By Judith E. Lipson, M.A., LPC
“They’re meant to be mirrors for us, always reflecting back what we need to see. The question is: Do you want to look in this mirror, and be open to what you need to learn, or simply pretend it’s not there and pass it by?” John Holland
I have always found human interactions fascinating, and in my work with clients I can observe and address the many layers of relationships that are occurring. Here’s a sample.
Mirror One: Imago wounds
Some intimate relationships are based on the premise that Dr. Harville Hendrix teaches in his book Getting the Love You Want, A Guide for Couples. Dr. Hendrix, and his Imago Relationship Therapy process, teaches that individuals often select partners who resemble (closely or distantly) the key people, usually from childhood, who created emotional wounds. The premise says that your inner child may have selected someone who subconsciously reminds them of this individual, but this time the inner child is hoping it will not experience similar wounds, seemingly healing the original wounded relationship. Dr. Hendrix further teaches that these relationships (when there is no danger of abuse) can be places to heal, but only when both partners are conscious of the relationship and how they trigger each other. This foundation is paramount to following his additional strategies, and achieving understanding and healing.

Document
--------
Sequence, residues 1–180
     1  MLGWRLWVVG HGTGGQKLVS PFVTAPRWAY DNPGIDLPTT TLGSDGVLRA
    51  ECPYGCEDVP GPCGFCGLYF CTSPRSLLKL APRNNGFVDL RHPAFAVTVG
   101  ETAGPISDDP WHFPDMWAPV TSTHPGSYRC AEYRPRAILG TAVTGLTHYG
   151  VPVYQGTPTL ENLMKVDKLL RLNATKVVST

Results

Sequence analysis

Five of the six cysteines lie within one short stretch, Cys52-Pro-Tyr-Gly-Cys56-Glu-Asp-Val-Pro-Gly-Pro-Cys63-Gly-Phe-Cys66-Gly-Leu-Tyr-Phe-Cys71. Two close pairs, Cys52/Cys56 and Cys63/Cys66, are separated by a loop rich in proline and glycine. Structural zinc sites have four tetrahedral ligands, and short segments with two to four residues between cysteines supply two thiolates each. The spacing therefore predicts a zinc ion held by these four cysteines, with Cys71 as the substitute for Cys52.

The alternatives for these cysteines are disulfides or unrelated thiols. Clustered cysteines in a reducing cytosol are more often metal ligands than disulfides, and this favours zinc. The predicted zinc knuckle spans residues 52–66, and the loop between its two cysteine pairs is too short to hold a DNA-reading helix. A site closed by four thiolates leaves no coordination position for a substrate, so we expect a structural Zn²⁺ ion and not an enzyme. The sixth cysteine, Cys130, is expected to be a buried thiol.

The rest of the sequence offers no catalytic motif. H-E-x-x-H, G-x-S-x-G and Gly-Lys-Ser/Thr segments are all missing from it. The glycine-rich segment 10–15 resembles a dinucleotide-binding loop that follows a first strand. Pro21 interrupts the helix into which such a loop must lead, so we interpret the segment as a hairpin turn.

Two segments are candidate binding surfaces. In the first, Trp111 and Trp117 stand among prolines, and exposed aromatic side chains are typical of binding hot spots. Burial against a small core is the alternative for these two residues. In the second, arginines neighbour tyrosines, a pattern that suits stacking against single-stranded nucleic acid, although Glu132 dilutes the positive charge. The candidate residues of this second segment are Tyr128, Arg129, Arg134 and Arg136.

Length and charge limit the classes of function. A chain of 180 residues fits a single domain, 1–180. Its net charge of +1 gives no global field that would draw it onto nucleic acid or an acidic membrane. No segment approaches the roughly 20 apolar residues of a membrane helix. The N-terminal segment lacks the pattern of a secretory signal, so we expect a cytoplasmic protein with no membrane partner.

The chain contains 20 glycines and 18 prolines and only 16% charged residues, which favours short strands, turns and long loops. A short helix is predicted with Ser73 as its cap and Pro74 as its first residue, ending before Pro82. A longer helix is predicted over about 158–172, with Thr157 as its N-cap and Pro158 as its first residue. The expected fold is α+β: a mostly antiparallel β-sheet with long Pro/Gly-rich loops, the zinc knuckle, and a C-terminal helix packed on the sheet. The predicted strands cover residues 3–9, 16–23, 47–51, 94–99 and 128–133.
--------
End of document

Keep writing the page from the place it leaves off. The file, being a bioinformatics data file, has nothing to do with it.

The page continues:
Mirror Two: Looking outward to see inward
Ending relationships, whether friendships or romantic partners, can be challenging. I’ve observed some individuals believe their peace, confidence, good experiences, and inner feelings are due to the ‘other’. I’ve watched them [Read more…]